by Lisa Watters-Lain, Arizona’s garden gal
When walking down the fertilizer aisle at Watters Garden Center or any home improvement store you can’t help notice the dizzying the array of plant food. You’ll see bags and bottles, powders and granules, sprays and concentrates. Furthermore, you’ll discover an increasing number of organic and “earth-friendly” plant foods. Which one is best for a healthy landscape? To pick the best plant food, you must make sense of a few plant nutrients first.
Your native evergreens appreciate a balanced fertilizer or plant food. For the vegetable, or flower gardeners a complete fertilizer is necessary to supply plants with the three major elements they require to thrive:
Nitrogen (N): Promotes healthy foliage and leaves.
Phosphorus or Phosphate (P): Stimulates root systems, bud, and vegetable growth.
Potassium or Potash (K): Promotes stronger stems and aids in flower (and fruit) formation.
The fertilizer label will list the nutrients in the order of NPK, with numbers representing the percentage of nutrient compared to filler ingredients. For example, Watters 7-4-4 All Purpose Plant Food contains 7% nitrogen, 4% Phosphorus, and 4% Potassium. Filler ingredients are inert materials that add weight and volume to make the plant food easier to spread. For example, limestone, sawdust, and clay are used in powdered formulas, and water enhances liquid fertilizers. Fillers also add micronutrients like iron and sulfur to the mix for increased plant health and increased color.
Flower fertilizers like Watters Flower Power 54, 10-54-10, usually have a more significant percentage of phosphorus compared to other ingredients. Healthy flowers start with a vigorous root system, and a phosphate boost ensures your flowers get a good start.
Chemical Fertilizers are inexpensive and widespread, but what are they?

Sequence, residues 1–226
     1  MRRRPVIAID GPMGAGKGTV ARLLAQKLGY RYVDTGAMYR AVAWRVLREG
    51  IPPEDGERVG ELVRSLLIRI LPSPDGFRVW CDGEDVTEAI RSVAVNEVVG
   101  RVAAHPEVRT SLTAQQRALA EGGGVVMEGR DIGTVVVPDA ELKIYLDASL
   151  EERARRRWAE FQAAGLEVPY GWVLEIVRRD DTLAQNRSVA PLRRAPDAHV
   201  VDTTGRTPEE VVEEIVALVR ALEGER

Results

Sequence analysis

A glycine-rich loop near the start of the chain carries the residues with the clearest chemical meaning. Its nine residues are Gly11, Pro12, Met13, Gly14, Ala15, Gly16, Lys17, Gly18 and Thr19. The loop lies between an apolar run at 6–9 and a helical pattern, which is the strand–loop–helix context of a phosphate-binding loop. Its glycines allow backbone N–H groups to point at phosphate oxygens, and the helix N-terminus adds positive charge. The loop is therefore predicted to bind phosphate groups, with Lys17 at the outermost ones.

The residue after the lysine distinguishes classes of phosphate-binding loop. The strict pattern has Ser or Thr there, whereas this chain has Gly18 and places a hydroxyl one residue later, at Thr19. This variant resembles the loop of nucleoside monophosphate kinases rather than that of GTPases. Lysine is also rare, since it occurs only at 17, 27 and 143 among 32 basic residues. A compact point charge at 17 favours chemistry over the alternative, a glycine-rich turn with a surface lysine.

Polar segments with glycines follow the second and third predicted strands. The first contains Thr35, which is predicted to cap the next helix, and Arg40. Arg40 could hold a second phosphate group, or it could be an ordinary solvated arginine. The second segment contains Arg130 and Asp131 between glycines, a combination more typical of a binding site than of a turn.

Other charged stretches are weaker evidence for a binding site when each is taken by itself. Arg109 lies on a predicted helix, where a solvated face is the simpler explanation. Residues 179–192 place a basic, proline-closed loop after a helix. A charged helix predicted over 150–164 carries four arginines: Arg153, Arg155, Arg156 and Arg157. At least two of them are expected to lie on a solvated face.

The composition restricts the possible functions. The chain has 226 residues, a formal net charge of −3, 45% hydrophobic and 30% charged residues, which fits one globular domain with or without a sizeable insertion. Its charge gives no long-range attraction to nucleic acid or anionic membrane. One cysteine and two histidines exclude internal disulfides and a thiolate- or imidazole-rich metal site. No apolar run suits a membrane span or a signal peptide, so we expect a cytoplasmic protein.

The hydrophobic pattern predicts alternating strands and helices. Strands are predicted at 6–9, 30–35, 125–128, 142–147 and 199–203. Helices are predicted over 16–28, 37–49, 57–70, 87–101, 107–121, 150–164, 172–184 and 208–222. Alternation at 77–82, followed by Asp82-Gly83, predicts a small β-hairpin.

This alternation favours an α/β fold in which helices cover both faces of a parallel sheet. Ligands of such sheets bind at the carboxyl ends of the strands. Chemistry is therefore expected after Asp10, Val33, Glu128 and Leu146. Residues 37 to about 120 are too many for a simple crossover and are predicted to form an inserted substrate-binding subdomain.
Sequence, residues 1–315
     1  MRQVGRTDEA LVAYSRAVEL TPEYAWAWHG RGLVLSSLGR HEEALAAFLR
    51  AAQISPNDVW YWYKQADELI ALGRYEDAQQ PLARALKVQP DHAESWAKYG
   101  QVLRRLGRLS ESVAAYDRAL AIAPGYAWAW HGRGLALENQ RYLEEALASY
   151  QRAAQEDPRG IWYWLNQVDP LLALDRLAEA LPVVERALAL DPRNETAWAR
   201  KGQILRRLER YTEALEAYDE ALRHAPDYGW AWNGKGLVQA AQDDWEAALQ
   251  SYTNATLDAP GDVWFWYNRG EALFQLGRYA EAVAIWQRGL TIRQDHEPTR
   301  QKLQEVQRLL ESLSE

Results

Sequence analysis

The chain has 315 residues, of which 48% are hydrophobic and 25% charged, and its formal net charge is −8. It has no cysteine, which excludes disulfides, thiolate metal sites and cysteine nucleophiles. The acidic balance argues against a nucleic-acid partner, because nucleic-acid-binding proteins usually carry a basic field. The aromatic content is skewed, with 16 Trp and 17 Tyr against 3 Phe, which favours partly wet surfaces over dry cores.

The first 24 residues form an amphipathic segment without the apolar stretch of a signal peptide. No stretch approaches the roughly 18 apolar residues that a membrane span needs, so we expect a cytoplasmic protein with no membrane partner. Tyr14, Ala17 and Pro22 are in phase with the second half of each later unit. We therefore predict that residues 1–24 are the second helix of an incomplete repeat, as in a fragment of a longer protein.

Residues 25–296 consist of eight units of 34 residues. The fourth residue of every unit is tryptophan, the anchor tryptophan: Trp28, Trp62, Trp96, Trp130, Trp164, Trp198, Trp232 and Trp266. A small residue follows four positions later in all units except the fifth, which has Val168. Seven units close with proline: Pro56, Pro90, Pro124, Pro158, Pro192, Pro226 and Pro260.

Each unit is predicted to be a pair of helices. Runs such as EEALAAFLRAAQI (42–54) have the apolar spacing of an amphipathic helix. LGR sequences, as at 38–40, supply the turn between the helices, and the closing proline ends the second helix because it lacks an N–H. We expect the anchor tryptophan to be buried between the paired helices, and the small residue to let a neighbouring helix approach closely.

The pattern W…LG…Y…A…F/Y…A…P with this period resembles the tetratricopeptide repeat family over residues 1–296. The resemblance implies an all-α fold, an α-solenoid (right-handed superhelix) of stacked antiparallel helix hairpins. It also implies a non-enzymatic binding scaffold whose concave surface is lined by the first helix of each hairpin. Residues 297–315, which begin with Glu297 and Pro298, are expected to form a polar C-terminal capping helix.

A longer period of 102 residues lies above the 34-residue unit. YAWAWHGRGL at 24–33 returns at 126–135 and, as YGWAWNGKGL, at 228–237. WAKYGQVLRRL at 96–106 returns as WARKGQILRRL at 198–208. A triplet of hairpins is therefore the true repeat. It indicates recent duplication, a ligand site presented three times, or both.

Fertilizer manufacturers like Scotts, Miracle-Gro, Vigoro, and Ironite create artificial fertilizers by combining inorganic chemicals to form compounds like ammonium nitrate or magnesium sulfate. An advantage of chemical fertilizers is that rapid-growing plants take up their nutrients quickly, sometimes too fast.
Disadvantages include the risk of over-application, which causes burning, and the absence of any soil-improving qualities. Chemicals have a negative potential for drinking water when misused. The chemicals are released so rapidly they can taint your drinking water. Earth Friendly organics are far safer.
Spring, Summer, and Fall are the best seasonal dates to apply plant foods to the landscape. Local gardeners use Easter, July 4th, and Halloween as timely holiday markers for best application dates.
Foliar fertilizers are liquid nutrients that plants absorb through their leaves. Not all vegetable and flowering plants feed this way efficiently because the wax and hairs on the leaves act as a barrier to nutrient uptake, and as a result, the plant cannot receive the needed nutrients. However, some nutrient deficiencies are addressed quickly by using foliar fertilizers. Potassium is one readily absorbed nutrient in a foliar feeding application, so foliar fertilizers are appropriate for treating potassium deficiencies.
If your flowers are exhibiting signs of chlorosis, yellowing of the foliage, your plants may have an iron deficiency. Another situation where the rapid results achieved by foliar plant foods are useful.
Two Week Intervals are best when using liquid, or water-soluble plants food in the garden. This pattern brings out the most fragrance and color of blooming plants.
Organic Fertilizer Benefits
Organic fertilizers come from living things like barnyard manure, fish emulsion, and leaf mold, and from non-living material like rock phosphate and greensand.
Fertilizers from organic matter not only supply essential nutrients to your plants, but they also improve soil strength and texture. Even gardeners who don’t eat what they grow still appreciate organic plant foods because they:
Don’t burn plants
Strengthen plants’ immune systems
Are non-toxic to beneficial insects and wildlife
Remain active in the soil for extended periods
If a soil test reveals a deficiency of one primary nutrient, you can purchase a pure fertilizer, which contains only nitrogen, phosphorus, or potassium as a standalone ingredient. Simple fertilizers can be chemical or organic in makeup like organic bonemeal 0-10-0.
Best Advice – I’m a gardener who believes in organic plant foods because they are safer for us humans, our pets, and the wild animals that enter our landscapes. Feed everything in the landscape three times per year with Watters 7-4-4 ‘All Purpose Food,’ including container gardens and raised beds. Best application holidays to apply by are Easter, Independence day on July 4th and Halloween.
Ask for my free handout here at Watters Garden Center for those that want to go deeper into the 4 Steps of Proper Plant Food.
Until next issue, I’ll be helping readers with plant foods here at Watters Garden Center.